A Stewart Lee thread for theClaud

Fab Foodie

Well-Known Member
I'm very fond of Honiton, and the Newt 'n' Pop is one of my favourite pubs. But I'd have to take stock before crossing the Tavy.

I'm astonished at the number of people I know fairly well who are mourning Jethro. [from Wiki]'Comedian Richard Herring noted that Jethro's success over a long career was admirable, but also stated, "Part of my admiration is that his stuff isn't as horrible as that of some of his contemporaries. Which is a bit of a negative positive." '
My family was from Axminster and I were dragged-up in Exeter. Honiton is a place we only ever drove through. I think I set foot in it once.
Remember it as just one long street with a major road through it.
 

AuroraSaab

Regular
I don't think I'd heard of Jethro until he passed away. Am I to take it he's the South West contemporary of Roy 'Chubby' Brown? Or more a 'retro' Bernard Manning type? By 'contemporary' I mean smutty, and by 'retro', I mean racist, obviously.
 

mudsticks

Über Member
I'm very fond of Honiton, and the Newt 'n' Pop is one of my favourite pubs. But I'd have to take stock before crossing the Tavy.

I'm astonished at the number of people I know fairly well who are mourning Jethro. [from Wiki]'Comedian Richard Herring noted that Jethro's success over a long career was admirable, but also stated, "Part of my admiration is that his stuff isn't as horrible as that of some of his contemporaries. Which is a bit of a negative positive." '
Faint praise indeed.

I don't think he helped to disabuse anyone of the notion that rural or indeed westcountry folk folk are all unreconstructed, stick in the muds .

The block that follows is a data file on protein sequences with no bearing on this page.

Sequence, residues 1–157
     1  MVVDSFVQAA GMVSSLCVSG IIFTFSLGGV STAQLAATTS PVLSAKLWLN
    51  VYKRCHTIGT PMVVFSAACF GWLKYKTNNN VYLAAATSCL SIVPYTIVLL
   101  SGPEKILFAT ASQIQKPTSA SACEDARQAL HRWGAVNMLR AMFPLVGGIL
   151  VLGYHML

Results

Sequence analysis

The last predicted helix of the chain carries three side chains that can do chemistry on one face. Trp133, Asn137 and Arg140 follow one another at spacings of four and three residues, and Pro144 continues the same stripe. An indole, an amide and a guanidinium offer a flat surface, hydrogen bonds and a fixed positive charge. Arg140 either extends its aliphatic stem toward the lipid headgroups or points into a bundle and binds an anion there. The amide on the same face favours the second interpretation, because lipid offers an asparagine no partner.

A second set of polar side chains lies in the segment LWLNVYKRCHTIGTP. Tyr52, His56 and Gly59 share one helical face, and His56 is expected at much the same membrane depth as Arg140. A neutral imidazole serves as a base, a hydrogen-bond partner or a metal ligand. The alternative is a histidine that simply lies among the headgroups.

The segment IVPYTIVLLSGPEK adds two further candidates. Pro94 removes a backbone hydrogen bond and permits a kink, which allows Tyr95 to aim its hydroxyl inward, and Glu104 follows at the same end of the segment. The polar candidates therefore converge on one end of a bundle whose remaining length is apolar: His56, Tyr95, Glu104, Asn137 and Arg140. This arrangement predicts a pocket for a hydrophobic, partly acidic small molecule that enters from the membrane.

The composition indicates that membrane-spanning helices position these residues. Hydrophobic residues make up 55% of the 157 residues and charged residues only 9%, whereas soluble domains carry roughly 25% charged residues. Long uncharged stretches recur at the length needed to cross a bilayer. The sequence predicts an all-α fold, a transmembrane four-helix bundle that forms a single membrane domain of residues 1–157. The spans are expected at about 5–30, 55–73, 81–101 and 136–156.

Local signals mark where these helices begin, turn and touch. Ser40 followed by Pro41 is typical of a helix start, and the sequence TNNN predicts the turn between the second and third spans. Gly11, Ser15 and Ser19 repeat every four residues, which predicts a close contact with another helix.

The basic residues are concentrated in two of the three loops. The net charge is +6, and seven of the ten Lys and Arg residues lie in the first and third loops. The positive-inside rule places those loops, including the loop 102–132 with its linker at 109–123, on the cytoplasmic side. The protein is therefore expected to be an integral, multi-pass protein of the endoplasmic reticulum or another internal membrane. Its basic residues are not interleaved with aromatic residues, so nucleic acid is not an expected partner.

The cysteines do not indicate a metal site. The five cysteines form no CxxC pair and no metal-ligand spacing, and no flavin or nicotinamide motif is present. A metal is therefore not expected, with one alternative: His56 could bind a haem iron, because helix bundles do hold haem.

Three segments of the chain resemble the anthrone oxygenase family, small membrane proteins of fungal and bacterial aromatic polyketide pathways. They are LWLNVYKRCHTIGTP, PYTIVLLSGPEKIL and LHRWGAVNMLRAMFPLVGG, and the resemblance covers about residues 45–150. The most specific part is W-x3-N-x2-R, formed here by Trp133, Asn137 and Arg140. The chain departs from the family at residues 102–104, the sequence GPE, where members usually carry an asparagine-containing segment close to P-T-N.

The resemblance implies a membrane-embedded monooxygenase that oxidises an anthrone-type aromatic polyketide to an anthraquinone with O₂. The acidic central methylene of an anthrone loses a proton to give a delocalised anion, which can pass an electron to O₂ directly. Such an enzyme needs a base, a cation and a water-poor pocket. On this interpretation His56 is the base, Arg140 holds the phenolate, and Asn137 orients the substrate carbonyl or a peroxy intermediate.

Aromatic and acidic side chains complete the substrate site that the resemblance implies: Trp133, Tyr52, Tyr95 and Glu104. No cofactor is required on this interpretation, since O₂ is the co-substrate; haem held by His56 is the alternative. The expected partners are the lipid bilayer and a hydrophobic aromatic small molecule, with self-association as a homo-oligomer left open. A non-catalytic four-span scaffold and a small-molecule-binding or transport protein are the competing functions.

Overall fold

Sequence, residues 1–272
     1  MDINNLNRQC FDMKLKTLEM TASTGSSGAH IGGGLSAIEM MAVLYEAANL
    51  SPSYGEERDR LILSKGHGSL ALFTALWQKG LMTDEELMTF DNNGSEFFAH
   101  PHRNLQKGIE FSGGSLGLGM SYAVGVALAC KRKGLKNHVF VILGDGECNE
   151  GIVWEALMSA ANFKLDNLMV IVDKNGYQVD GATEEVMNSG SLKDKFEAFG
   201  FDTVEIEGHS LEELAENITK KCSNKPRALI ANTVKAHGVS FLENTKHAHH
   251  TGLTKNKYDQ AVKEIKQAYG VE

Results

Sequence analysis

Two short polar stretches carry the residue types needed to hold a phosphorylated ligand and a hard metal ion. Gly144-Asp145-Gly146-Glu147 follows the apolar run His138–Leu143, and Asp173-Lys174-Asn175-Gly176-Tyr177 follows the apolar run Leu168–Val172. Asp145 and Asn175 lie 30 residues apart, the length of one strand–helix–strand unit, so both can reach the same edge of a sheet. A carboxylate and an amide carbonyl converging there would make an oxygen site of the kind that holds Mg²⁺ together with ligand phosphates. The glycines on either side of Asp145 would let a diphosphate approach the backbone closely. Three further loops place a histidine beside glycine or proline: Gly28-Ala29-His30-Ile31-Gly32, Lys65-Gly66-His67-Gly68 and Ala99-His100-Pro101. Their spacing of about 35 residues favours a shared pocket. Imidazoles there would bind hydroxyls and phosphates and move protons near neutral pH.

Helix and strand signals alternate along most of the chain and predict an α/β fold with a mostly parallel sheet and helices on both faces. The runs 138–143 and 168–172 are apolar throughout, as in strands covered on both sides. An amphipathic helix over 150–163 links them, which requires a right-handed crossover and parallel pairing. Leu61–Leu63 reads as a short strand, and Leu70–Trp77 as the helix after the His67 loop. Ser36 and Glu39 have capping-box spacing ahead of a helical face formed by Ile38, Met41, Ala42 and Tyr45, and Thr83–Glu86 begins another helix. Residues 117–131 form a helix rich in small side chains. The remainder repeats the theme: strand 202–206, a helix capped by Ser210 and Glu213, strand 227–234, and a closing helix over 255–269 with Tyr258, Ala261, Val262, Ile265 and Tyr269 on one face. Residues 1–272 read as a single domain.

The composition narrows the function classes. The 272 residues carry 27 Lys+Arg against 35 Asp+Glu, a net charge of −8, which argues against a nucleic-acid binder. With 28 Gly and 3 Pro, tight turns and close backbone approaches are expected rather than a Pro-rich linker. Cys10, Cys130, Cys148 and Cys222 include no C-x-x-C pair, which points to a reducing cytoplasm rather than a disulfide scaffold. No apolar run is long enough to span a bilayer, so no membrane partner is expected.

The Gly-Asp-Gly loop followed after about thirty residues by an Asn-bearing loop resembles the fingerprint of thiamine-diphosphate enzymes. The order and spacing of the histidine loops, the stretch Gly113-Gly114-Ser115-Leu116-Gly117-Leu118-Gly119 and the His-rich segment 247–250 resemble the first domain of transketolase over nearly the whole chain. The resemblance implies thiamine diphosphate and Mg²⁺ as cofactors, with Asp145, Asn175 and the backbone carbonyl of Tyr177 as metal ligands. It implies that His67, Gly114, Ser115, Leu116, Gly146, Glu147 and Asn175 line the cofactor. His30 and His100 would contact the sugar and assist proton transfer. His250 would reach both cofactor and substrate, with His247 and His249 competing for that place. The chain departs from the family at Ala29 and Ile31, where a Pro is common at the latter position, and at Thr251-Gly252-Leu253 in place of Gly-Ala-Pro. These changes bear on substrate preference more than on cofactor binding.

I think he was probably seen by most as an old school 'institution' churning out the same tired old schtick, rather than anythng approaching a relevant to now comedian with much new to say about the world..

Hmmn, can't say I share much of your affection for Honiton ,

It has its compensations, such a it's setting.. but if it's windy or drizzly anywhere in East Devon it always seems doubly so in Honiton.

Mind you otoh Axminster.. :whistle:
 

qigong chimp

Regular
I lived for a while between Luppitt and Upottery. Any chance I wandered across your fields thereabouts or on walks down to the coast between Lyme and Sidmouth?
 

Ian H

Regular
Hmmn, can't say I share much of your affection for Honiton ,

It has its compensations, such a it's setting.. but if it's windy or drizzly anywhere in East Devon it always seems doubly so in Honiton.

Mind you otoh Axminster.. :whistle:
Honiton: I can walk either to good local shops or on to a rural footpath in ten minutes (the town out of sight in 15).

As for Axminster, I lived there on & off for 20yrs.

Train, bus, & shanks' pony availability are important.
 

mudsticks

Über Member
I lived for a while between Luppitt and Upottery. Any chance I wandered across your fields thereabouts or on walks down to the coast between Lyme and Sidmouth?
Depends upon precisely where you wandered, but it's not an impossibility.



Ah Luppitt, Upottery, etc .